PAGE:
Saturday, 25 February 2012

March 4th has never been this exciting

I absolutely have not given up my series on finding a translation job, but there was something I needed to tell you. Today. Before it was too late. Something you must know. Something that could potentially change your life forever. So here it is: Glendon’s Spring Open House, lovingly known as Expérience Glendon, is happening in 7 days and counting. 7 days! If you’re still undecided as to whether Glendon is for you, checking out the campus is the sure-fire way to make up your mind. Know you want to do translation but still don’t know where? This open house is the perfect opportunity to get an up-close and personal look at the life of a Glendon student.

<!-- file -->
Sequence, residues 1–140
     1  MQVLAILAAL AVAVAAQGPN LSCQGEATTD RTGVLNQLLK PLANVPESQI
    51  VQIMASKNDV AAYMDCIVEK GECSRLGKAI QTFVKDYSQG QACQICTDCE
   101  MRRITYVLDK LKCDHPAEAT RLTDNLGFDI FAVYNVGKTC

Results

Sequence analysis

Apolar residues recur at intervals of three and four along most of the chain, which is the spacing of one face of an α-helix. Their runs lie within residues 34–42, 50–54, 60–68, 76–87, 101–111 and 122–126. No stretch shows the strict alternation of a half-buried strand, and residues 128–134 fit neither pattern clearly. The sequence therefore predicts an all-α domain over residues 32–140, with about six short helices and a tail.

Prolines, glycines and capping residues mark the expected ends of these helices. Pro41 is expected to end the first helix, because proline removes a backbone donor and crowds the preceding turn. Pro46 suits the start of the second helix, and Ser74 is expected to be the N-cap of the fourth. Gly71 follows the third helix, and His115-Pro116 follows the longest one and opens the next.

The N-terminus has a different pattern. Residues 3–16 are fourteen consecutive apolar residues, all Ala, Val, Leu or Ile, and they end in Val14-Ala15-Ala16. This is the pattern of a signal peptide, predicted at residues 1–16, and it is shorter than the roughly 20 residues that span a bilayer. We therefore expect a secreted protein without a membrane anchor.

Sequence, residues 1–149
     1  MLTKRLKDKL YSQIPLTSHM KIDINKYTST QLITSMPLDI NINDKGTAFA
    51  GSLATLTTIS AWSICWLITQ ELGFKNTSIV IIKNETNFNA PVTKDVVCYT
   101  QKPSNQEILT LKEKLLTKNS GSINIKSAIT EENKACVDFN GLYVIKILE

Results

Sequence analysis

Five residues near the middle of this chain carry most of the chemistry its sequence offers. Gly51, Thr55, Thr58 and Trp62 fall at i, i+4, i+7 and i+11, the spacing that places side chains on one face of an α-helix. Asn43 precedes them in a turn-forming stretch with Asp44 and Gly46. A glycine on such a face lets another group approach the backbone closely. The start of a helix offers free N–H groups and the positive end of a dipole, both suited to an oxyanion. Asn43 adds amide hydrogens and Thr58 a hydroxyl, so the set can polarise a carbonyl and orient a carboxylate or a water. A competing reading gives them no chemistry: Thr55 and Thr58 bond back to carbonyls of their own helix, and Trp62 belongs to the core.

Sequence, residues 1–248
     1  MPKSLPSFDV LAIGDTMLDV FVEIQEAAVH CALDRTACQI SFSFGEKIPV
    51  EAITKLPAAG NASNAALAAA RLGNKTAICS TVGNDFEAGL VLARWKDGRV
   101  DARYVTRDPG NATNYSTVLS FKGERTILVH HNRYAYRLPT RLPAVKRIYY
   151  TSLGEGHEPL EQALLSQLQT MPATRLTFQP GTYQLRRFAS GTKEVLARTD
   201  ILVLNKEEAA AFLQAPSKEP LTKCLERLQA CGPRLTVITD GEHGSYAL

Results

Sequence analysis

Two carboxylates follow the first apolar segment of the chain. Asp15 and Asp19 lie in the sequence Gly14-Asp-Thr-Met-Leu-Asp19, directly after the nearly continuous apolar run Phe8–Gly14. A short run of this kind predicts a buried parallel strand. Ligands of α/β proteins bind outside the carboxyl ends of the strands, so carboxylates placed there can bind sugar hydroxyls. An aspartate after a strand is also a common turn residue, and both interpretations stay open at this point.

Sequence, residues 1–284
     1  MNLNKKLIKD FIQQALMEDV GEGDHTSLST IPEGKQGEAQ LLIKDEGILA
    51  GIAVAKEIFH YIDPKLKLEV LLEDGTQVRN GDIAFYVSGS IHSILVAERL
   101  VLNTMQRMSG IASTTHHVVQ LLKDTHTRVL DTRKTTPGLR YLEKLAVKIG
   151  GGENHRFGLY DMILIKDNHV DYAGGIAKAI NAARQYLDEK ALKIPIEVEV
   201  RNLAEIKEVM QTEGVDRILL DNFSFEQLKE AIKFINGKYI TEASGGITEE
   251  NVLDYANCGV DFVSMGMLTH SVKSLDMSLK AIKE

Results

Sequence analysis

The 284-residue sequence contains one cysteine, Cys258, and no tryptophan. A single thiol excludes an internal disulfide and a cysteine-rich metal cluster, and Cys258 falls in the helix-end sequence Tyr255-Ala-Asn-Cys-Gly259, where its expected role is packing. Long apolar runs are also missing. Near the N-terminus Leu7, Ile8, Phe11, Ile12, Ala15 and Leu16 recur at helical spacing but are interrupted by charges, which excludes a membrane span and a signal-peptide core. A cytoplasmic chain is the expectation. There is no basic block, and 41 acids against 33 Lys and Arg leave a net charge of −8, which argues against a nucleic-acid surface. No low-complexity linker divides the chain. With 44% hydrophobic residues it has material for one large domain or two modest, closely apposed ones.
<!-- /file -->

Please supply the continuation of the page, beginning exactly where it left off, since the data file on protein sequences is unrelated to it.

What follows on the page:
Expérience Glendon

If you've applied to a number of different schools and are currently trying to sort through the 56,473 things you've been told over the course of the last 3 months, you might be feeling panicky, overwhelmed with information and bursting with questions. Have no fear. You’ll get to meet a professor from Glendon’s School of Translation and ask a student in the program whatever’s on your mind.  And by whatever is on your mind, I don’t mean “should I eat seven burritos in one sitting?” (But in case you were wondering, the answer to that question is always “no.”) I mean questions like “Why Glendon?” “If I’m in the Translation program, can I still go away on exchange?” “What are the classes like?” “What are the professors like?” “What does it take to make it in this field?”

There will be something small and sweet and delicious to eat